Betsy's granddaughter Elizabeth (b. 1830) seems to have married at age 23 or 24.

Margaret Maria's children don't have a lot of productive marriages for me to work with, but I see first children at ages 21 and 22 so marriage dates not later than 20 and 21 in the 1820s and 30s.  Her granddaughter Mary (b. 1847) appears to have been around 20 or 21.

Going on at this rate I run the risk of just turning into a list of names and ages so I'll have to call it quits.  Suffice to say, Victorian-era marriages were often taking place later in women's lives, while earlier 18th century marriages were focused on getting girls settled by their late teens and early 20s.  Exceptions were present in both time periods.  Livingston girls were not generally slaves to custom.  While a few girls took the plunge before their 18th birthdays, more Livingston girls waited a little longer to find the right partnership (at least they hoped) before diving in.

So there it is.  Compared to today when the average age at first marriage for American women is 26.9, girls were getting married off earlier.  There were a lot of reasons for this, but they are not divulged in my big thick book o' genealogy, and it would take a whole additional blog entry to really explore the topic.  But it is worth noting, the next time you say "Boy, they got married young back then," that the age at first first marriage changed for Livingston girls over the centuries, and that there was no hard-and-fast rule about how old you should be.  Just like today there was a pressure to find a mate, but flexibility for the person and their situation was still allowed.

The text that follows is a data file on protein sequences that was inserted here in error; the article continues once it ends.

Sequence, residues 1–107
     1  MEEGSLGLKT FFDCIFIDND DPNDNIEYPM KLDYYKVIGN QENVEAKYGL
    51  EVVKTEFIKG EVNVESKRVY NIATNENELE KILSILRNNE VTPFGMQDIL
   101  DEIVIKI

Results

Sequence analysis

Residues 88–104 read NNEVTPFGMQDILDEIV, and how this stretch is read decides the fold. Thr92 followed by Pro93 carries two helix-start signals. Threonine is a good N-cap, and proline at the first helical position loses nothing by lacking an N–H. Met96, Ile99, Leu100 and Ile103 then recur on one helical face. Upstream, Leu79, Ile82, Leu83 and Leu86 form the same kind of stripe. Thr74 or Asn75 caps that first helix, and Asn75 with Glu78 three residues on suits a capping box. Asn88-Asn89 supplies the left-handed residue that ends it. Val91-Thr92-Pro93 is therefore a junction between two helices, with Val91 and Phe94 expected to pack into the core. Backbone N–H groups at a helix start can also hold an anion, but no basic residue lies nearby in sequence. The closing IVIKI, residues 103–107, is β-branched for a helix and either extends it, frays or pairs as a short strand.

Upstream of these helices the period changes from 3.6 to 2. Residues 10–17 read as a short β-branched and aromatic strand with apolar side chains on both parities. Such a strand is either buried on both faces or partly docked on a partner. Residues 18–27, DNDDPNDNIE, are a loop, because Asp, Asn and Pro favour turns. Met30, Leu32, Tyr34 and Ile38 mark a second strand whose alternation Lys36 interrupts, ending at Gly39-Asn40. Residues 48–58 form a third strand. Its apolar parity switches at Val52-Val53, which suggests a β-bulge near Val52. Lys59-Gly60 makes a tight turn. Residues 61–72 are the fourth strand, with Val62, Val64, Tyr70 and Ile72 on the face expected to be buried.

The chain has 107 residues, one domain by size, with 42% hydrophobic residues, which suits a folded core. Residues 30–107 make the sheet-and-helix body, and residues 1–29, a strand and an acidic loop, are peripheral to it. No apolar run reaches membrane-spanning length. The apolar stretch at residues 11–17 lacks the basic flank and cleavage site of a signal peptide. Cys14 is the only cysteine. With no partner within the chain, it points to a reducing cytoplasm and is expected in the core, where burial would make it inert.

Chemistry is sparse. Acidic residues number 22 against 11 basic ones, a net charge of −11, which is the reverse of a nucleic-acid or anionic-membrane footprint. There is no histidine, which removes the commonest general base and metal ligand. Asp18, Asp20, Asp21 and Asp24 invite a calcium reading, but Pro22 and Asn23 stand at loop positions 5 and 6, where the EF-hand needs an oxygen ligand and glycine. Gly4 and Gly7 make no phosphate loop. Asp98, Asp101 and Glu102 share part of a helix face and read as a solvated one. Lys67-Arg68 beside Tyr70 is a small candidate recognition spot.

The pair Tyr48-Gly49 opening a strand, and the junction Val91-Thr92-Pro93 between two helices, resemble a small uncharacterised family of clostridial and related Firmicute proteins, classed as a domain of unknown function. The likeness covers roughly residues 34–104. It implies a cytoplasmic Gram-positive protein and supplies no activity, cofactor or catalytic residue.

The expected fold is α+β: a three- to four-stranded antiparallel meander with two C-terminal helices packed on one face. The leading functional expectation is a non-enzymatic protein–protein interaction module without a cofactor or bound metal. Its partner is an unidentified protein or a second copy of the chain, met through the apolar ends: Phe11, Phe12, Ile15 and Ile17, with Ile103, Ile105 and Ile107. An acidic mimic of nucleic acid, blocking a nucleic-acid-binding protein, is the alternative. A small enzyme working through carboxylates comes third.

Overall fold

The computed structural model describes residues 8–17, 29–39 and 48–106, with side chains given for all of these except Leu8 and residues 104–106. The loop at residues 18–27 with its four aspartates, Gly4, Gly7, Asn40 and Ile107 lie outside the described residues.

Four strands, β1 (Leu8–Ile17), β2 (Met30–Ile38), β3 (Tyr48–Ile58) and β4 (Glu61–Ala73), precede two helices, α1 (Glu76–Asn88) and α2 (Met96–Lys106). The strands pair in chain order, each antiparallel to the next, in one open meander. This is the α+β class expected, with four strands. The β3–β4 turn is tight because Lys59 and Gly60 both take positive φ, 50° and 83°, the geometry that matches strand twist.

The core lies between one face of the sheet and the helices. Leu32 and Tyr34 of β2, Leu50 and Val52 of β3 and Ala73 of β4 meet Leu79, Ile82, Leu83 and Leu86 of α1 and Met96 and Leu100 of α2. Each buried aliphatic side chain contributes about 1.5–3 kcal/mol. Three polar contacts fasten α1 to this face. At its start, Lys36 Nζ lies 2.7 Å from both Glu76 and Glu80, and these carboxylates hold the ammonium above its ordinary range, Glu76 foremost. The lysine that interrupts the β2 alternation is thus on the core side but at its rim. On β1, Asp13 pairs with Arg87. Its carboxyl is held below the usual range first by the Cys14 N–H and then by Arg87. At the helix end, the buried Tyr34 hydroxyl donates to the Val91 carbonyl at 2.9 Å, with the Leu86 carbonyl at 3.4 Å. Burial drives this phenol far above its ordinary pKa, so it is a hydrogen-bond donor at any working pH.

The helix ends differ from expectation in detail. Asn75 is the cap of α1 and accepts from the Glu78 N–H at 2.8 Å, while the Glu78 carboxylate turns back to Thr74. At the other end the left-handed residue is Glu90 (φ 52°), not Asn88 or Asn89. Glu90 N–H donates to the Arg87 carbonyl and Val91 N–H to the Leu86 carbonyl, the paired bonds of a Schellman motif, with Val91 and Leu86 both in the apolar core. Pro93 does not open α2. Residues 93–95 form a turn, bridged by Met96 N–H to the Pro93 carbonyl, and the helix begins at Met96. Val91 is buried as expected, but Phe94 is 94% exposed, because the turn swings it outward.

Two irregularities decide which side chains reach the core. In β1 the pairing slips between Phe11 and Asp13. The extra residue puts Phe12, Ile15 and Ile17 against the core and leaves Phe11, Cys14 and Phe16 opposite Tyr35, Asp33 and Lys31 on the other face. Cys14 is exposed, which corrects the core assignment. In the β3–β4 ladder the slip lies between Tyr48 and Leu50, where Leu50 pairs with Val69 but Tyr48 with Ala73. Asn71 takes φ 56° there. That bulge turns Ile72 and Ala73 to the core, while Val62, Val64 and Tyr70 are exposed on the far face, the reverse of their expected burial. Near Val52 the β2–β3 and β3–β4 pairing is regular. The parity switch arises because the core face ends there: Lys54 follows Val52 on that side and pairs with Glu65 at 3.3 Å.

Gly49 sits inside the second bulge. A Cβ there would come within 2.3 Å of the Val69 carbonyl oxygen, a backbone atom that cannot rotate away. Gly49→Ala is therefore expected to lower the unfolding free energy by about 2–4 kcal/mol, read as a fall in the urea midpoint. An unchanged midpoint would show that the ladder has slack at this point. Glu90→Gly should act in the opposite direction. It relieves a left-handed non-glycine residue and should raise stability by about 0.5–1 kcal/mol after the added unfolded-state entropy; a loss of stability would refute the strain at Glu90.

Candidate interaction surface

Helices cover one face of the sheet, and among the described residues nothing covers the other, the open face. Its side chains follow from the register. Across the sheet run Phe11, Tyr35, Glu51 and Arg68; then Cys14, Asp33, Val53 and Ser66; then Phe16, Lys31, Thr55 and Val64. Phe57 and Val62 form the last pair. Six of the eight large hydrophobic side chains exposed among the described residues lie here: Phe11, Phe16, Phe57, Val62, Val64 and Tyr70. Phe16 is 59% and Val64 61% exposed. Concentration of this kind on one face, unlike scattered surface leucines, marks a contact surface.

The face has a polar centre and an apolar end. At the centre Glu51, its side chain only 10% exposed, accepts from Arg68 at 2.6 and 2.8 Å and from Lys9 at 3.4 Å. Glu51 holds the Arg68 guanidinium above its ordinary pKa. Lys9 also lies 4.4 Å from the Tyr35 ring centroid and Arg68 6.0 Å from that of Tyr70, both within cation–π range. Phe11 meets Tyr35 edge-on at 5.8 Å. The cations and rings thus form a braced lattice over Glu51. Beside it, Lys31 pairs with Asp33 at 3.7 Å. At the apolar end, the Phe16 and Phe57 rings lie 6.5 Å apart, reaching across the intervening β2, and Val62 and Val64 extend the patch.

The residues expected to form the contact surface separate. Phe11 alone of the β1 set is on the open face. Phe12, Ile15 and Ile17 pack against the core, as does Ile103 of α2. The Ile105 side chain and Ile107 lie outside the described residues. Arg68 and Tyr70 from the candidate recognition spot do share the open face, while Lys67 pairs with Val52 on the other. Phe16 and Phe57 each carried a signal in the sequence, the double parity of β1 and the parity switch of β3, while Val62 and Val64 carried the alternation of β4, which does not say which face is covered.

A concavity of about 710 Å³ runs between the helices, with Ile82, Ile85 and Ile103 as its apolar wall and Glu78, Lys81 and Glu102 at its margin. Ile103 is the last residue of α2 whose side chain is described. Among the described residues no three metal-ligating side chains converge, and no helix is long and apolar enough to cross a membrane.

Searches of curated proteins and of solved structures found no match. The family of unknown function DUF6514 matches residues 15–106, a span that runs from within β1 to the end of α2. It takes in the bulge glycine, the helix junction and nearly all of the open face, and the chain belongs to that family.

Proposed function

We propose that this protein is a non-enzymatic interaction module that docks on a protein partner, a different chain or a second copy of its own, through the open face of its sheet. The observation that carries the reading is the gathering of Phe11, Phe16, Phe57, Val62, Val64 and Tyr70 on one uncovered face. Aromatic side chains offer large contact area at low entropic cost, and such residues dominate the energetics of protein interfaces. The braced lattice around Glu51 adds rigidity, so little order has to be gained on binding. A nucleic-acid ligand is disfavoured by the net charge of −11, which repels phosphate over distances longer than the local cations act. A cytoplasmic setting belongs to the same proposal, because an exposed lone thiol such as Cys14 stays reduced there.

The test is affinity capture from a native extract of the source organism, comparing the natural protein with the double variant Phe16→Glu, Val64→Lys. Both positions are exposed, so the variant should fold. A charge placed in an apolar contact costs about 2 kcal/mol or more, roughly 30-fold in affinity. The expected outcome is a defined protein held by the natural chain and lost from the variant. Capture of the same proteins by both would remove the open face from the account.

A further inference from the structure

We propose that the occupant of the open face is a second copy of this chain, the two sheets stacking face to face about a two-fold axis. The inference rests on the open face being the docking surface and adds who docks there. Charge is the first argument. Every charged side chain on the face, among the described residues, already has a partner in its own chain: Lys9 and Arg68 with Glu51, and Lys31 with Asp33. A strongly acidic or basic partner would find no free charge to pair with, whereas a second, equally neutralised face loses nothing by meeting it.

1. Great topic! I looked into a similar one in my own family tree - not quite the same, since I didn't have a lot of marriage dates, but the relative ages of spouses. It seemed like most were within five years of each other, not the "young women married old men" stereotype. I'd be interested to see if that holds true with the Livingstons!

  2. It looks like the age differences are all over the map. In the 18th and early 19th centuries, I see as little as 1 year (Edward Philip and Betsy, 1799) and as much as 22 years ("Beau Ned" and Louise d'Avezac, 1805) between bride and groom.

    Out of 17 couples I randomly selected with marriages between 1740 and 1810, the median age difference was 7 years--mode of 8 years. I guess the Livingstons didn't feel too worried about age differences.

  3. Very interesting to see those different ages!